June 6 Energy News

June 6, 2015


¶ “Big Energy is dying as $90 trillion low-carbon world emerges” – The aging fossil-fuel industry, Big Oil, Big Coal, Big Gas, doesn’t want you to hear the relentless drumbeat leading investors away: Falling stock prices, rising costs, spills, depleting reserves. But Sustainable Energy is pushed them aside. [MarketWatch]


¶ The French gas utility named Engie (formerly GDF Suez) is developing new geothermal projects in the Paris, France, area to the tune of 50 MW, which will bring the company’s total geothermal capacity there to 100 MW. A single plant, Noisy-le-Sec, has a capacity of 10 MW. The new addition will be done in 2016. [CleanTechnica]

The Eiffel Tower and the Champ de Mars. Photo by Wladyslaw, Wikimedia Commons.

The Eiffel Tower and the Champ de Mars. Photo by Wladyslaw, Wikimedia Commons.

¶ The cabinet of Maharashtra has approved the state’s new renewable energy policy which envisages addition of 14.4 GW of capacity by 2020. Solar power accounts for 7.5 GW of the total, wind power for 5 GW, biomass power for 1 GW, small-scale hydropower for 400 MW, and agro-waste for 300 MW. [Greentech Lead]

¶ Donald Trump has lost his latest legal challenge against an offshore windfarm project near his Aberdeenshire golf resort. Proposals to build the 11-turbine scheme in Aberdeen Bay were approved by the Scottish Government in 2013. Trump claimed it would spoil the view from his luxury golf links. [Ellon Times]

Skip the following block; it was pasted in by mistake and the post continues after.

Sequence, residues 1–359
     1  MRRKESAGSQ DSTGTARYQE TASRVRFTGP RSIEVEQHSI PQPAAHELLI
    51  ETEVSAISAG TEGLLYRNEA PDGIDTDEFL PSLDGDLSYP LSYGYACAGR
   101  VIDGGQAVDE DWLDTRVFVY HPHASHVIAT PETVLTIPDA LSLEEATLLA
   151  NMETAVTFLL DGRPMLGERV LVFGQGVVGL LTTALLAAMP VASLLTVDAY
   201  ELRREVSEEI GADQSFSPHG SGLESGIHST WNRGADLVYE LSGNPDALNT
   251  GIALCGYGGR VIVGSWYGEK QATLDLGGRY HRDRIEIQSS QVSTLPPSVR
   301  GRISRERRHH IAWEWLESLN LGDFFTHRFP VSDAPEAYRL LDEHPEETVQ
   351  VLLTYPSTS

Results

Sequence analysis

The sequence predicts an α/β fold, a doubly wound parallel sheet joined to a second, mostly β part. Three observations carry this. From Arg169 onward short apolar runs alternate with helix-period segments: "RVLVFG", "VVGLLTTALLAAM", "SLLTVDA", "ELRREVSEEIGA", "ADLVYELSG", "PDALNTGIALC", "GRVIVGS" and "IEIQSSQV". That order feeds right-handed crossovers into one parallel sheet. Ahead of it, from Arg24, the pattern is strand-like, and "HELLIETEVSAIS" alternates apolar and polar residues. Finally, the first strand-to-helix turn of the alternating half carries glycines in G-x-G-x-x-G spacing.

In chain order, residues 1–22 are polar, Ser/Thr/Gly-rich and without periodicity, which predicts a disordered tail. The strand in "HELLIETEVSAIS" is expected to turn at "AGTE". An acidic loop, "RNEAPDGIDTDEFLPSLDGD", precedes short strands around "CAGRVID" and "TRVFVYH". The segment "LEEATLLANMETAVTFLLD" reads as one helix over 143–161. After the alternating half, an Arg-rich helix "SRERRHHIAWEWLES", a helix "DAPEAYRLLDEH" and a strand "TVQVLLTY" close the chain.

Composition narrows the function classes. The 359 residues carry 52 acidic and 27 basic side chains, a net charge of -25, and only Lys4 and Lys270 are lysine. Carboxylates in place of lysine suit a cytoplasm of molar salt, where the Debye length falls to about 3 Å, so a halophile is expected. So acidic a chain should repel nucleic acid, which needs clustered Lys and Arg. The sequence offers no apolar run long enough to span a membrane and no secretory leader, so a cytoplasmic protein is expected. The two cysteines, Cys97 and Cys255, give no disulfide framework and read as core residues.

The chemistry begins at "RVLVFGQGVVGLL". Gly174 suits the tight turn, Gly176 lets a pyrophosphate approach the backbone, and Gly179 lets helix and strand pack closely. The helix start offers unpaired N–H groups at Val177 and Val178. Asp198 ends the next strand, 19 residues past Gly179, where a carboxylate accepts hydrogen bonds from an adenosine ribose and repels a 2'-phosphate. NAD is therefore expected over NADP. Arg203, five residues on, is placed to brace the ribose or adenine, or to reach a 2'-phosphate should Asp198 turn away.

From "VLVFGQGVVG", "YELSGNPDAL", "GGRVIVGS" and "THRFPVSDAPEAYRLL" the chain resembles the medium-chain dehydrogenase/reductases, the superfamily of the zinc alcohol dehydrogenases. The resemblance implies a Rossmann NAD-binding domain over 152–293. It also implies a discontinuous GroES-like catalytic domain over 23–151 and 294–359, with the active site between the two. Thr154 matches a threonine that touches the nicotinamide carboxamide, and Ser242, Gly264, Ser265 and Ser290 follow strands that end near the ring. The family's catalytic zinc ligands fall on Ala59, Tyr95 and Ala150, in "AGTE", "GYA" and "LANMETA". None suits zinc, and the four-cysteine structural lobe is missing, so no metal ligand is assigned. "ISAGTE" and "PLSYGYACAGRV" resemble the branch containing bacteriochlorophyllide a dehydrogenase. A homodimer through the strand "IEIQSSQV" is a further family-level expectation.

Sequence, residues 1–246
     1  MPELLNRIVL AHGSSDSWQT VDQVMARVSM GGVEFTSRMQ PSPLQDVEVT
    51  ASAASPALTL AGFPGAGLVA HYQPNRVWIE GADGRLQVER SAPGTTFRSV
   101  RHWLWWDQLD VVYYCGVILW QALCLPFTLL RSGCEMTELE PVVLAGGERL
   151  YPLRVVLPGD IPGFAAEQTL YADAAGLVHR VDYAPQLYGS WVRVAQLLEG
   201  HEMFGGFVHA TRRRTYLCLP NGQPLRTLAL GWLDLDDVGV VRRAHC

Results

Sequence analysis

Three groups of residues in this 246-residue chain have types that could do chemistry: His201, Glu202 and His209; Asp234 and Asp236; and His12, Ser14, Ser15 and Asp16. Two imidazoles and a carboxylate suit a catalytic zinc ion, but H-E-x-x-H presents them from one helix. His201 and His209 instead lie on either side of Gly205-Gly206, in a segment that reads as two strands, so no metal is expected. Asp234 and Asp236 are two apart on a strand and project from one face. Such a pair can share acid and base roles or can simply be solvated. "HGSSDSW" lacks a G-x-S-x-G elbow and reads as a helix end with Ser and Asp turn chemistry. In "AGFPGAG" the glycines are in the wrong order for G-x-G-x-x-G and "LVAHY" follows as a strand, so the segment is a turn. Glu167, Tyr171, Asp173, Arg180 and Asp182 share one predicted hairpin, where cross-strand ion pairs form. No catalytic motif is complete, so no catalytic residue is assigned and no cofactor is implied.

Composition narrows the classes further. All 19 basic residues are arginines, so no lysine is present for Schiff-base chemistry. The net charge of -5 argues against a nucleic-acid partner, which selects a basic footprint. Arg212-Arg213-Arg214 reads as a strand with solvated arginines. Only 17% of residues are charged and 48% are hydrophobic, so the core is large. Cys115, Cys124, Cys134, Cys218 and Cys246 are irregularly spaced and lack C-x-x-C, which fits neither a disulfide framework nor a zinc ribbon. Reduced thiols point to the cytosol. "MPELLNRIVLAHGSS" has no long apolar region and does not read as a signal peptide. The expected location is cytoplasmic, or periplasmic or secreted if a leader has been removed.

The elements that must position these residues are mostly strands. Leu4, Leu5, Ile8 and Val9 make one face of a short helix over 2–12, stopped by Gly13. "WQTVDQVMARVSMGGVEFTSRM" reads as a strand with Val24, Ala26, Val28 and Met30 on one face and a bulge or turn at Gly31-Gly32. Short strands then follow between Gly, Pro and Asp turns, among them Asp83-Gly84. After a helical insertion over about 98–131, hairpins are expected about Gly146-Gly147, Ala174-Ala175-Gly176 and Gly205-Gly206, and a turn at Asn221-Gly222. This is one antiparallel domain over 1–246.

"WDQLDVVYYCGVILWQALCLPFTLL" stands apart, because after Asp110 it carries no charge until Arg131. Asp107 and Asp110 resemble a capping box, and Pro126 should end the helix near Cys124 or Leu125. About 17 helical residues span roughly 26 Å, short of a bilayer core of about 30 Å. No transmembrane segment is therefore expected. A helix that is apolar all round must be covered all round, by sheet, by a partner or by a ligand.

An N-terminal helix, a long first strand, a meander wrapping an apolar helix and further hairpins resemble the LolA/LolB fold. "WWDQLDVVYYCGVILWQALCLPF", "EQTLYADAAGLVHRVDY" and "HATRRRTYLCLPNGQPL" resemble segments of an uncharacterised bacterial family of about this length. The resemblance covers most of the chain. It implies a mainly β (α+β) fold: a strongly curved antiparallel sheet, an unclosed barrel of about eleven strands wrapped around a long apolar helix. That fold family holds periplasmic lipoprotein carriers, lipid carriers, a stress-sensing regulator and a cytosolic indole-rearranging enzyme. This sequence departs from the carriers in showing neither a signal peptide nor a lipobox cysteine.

¶ The Philippine Department of Energy approved on May 27, 2015, the service contract of the largest solar PV power plant in the country. A 25-year service contract was signed between Living Project 4 People Philippines Inc and the DOE for a 100-MW Solar PV Project in Ilagan City, Isabela, Philippines. [eco-business.com]

¶ Britain’s new nuclear power stations and other energy infrastructure projects must be designed to look beautiful to garner essential public support, Energy Secretary Amber Rudd, says. When spending so much on infrastructure, it is crucial to ensure the public is on your side by making projects visually inspiring. [The Independent]


¶ The Energy Information Administration’s analysis of the EPA’s proposed Clean Power Plan shows that renewable energy play a critical role under a range market conditions and policy assumptions. The key difference involves the timing and the extent of wind and solar electric generating capacity additions. [PennEnergy]

Energy Information Administration graph

Energy Information Administration graph.

¶ Officials of the Tri-County Electric Cooperative in Oklahoma’s Panhandle have announced they will offer its customers the opportunity to buy solar energy produced by a system at their new headquarters in Hooker, Oklahoma, making it the first electric utility in the state to offer “community” solar. [Tulsa World]

¶ One corner of the Whitcomb Farm in Essex Junction, Vermont now has 12,000 solar panels generating electricity on it. The system was built by New Jersey developer PSEG. Its 3.6-MW capacity makes it the largest solar system in the state. It will supply annual needs of about 600 households. [WPTZ The Champlain Valley]

¶ Over 30 states are at least halfway toward meeting early CO2 emissions targets called for by the US EPA’s proposed regulations for existing power plants, according to a study released by the Union of Concerned Scientists. Of those states, 14 can meet the 2020 interim target based on prior actions. [Argus Media]

¶ A lawsuit filed in the 9th Circuit Court of Appeals on behalf of 10 environmental organizations challenges the approval of Shell’s exploration plan in the Arctic. The plan for exploration in the Chukchi Sea, off the northwest coast of Alaska, was approved by the Bureau of Ocean Energy Management. [Dutch Harbor Fisherman]

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